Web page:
5 comments:

John said...

Penny Arcade offered a rather interesting defense of Bayonetta's character design the other day. They acknowledge that at first the character seems like a typical objectification of women, but they also point out how it's different from games like Wet or Bloodrayne.

petpluto said...

I liked the article I linked because it explained how it wasn't necessarily the body of the woman in question, but her skills - and how those were unnecessarily sexualized. Like, blowing kisses, for example.

I understand what Penny Arcade, and the article they linked, is saying. But I think they're both missing out on a large component - (1) why is female sexuality weaponized in these games (and using female sexuality "ironically" in a game is problematic for the same reasons hipsters are) by using blowing kisses, etc. to do things male characters can do without, you know, blowing kisses, and (2) why female sexuality is generally presented as a transaction - ie, I kiss you, I win the battle; I charm you, I get the item; etc.

I would also be very interested to know whether or not maintaining male sexuality is as big a concern within these games in the way making sure the female characters are still sexual is.

smadin said...

First, thanks for the link!

Second, I found that Penny Arcade news post very interesting, because of the conclusions I think Tycho almost reaches. I've been feeling recently like he's sort of coming close to a "Getting It" moment on a lot of issues, and he's talked once or twice about his trepidation concerning raising a daughter in gamer culture, so when he writes something like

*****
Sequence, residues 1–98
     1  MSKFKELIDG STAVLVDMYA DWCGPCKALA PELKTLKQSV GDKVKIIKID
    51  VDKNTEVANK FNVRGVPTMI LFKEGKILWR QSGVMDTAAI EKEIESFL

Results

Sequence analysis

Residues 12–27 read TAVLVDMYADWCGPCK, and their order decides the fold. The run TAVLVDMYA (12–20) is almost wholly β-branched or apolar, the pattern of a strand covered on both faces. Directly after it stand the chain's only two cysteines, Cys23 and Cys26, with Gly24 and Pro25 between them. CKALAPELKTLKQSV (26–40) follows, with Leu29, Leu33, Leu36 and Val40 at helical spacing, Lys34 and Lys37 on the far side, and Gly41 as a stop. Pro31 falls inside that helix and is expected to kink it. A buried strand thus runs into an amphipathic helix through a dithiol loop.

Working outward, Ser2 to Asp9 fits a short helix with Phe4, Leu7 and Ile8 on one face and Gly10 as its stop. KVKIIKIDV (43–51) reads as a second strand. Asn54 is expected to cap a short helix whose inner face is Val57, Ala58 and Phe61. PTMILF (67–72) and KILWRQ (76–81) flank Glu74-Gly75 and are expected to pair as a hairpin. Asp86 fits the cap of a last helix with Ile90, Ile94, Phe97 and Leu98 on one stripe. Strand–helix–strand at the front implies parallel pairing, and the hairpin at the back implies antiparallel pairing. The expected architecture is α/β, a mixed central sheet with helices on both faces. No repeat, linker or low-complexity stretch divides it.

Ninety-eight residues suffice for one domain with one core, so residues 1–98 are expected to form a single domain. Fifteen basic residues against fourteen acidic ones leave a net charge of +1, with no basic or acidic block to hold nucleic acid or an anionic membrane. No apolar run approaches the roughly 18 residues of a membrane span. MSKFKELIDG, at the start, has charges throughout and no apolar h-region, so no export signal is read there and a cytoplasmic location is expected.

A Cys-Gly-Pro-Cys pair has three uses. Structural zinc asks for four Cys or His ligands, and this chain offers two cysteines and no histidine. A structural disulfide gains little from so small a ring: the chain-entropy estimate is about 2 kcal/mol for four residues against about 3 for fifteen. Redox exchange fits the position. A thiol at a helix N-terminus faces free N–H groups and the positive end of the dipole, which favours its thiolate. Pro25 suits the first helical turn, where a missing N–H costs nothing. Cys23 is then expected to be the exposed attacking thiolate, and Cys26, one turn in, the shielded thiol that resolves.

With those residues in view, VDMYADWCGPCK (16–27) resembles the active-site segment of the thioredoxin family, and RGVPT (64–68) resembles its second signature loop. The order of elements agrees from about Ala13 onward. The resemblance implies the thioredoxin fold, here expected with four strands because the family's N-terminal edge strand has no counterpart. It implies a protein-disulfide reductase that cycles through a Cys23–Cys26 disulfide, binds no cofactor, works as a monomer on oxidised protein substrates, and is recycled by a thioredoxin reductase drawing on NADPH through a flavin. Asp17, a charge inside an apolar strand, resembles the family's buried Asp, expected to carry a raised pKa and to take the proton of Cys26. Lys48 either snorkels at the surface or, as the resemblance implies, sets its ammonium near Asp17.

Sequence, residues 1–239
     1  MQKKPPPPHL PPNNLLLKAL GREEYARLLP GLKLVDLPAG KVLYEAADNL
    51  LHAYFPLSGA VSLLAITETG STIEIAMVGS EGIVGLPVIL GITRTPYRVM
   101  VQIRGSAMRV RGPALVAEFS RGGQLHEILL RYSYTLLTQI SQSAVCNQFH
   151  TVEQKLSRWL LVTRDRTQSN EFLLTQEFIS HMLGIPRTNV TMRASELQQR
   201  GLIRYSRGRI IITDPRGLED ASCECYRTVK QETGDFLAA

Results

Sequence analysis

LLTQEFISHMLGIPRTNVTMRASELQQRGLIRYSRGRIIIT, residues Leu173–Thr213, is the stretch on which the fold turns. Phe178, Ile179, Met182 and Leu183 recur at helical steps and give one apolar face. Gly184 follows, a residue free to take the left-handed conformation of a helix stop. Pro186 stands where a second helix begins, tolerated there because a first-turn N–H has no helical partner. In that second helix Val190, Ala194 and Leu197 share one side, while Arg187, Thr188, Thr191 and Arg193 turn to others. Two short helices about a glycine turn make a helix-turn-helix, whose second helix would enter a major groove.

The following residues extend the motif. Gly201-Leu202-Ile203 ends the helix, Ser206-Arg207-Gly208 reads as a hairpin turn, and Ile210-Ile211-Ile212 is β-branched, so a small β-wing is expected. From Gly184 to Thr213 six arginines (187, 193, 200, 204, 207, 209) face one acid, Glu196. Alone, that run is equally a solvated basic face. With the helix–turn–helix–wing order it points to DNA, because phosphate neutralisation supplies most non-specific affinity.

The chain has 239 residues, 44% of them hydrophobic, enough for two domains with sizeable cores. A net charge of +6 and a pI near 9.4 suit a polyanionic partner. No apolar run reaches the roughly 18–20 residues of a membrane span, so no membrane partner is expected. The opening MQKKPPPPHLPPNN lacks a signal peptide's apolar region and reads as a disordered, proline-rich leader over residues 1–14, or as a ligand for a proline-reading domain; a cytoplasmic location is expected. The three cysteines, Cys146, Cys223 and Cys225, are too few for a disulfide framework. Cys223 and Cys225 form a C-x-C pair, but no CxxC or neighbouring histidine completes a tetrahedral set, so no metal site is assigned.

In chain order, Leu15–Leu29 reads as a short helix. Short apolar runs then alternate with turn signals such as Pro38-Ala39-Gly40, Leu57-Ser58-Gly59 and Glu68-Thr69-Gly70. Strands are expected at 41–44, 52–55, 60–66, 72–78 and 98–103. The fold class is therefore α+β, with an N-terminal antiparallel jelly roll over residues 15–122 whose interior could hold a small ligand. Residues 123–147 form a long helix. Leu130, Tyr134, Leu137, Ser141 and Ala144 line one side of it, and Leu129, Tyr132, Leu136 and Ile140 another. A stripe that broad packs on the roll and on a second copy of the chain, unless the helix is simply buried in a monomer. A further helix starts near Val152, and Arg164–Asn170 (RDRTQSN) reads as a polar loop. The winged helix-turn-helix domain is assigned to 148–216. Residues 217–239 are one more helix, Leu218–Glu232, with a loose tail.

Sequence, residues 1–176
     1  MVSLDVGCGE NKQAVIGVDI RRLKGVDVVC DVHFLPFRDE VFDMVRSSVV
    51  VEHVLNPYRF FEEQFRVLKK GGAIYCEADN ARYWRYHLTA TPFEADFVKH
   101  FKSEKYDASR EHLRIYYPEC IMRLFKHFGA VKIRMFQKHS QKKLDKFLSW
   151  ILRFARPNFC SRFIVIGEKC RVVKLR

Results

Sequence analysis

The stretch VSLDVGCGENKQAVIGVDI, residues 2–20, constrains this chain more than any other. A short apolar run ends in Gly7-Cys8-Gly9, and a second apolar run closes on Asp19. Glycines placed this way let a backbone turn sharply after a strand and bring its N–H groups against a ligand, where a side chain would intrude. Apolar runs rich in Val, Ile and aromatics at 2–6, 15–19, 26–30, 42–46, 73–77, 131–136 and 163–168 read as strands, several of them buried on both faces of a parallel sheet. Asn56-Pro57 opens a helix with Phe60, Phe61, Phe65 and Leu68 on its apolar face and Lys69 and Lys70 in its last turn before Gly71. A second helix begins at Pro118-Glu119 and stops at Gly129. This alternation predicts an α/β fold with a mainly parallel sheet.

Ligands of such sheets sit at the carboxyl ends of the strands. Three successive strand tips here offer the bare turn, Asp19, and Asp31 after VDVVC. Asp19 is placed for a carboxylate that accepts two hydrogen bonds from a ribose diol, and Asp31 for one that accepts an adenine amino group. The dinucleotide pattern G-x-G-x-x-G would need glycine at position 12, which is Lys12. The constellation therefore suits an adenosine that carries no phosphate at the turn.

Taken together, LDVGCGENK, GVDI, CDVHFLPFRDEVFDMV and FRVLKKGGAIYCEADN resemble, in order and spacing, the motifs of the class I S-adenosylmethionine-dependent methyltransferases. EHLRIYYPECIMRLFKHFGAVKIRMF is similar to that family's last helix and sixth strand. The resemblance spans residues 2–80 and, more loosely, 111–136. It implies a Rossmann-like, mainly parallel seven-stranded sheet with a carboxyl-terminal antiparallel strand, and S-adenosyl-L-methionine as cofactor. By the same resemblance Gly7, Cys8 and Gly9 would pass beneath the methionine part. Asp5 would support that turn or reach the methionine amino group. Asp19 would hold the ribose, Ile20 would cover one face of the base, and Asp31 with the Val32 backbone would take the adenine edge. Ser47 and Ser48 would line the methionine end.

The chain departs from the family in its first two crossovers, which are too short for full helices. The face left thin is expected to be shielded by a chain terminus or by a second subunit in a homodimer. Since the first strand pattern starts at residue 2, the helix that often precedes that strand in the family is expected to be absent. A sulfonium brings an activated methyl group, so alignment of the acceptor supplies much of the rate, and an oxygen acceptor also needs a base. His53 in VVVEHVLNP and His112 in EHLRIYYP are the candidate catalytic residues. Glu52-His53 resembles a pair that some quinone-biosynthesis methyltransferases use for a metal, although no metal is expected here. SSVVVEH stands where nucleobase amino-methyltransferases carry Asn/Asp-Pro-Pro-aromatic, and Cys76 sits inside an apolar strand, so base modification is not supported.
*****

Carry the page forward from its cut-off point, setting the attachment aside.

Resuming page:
But since Marcus Fenix is a man, his physical virtues are an acceptable template for such extrapolations. If a woman is the subject, and is thus interpreted, now you're engaged in a truly dangerous enterprise. There's something very strange simmering below that assertion, and it's weirding me out.
I wonder how much (or how little!) more it might take to push him to that breakthrough.

Rebekah said...

I've been gone a while (I had to take a break when I got behind in Dollhouse so I wouldn't see spoilers!) but am slowly catching back up, working backward. Love Felicia Day of course, so I'll definitely check it out. And I'm also in the SYSK Kiva team (even got a shout-out on the podcast a while ago when they read my profile!). Cool!

petpluto said...

I've been gone a while

Hi! Glad you're back!

I had to take a break when I got behind in Dollhouse so I wouldn't see spoilers!

You're kind of in luck. I got behind in my reviews. Which is sad and something I hope to rectify in the week(s) ahead. Unfortunately, life went along its merry way and left me little time!

And I'm also in the SYSK Kiva team (even got a shout-out on the podcast a while ago when they read my profile!). Cool!

That. Is. Awesome. There are no other words. Except "cool".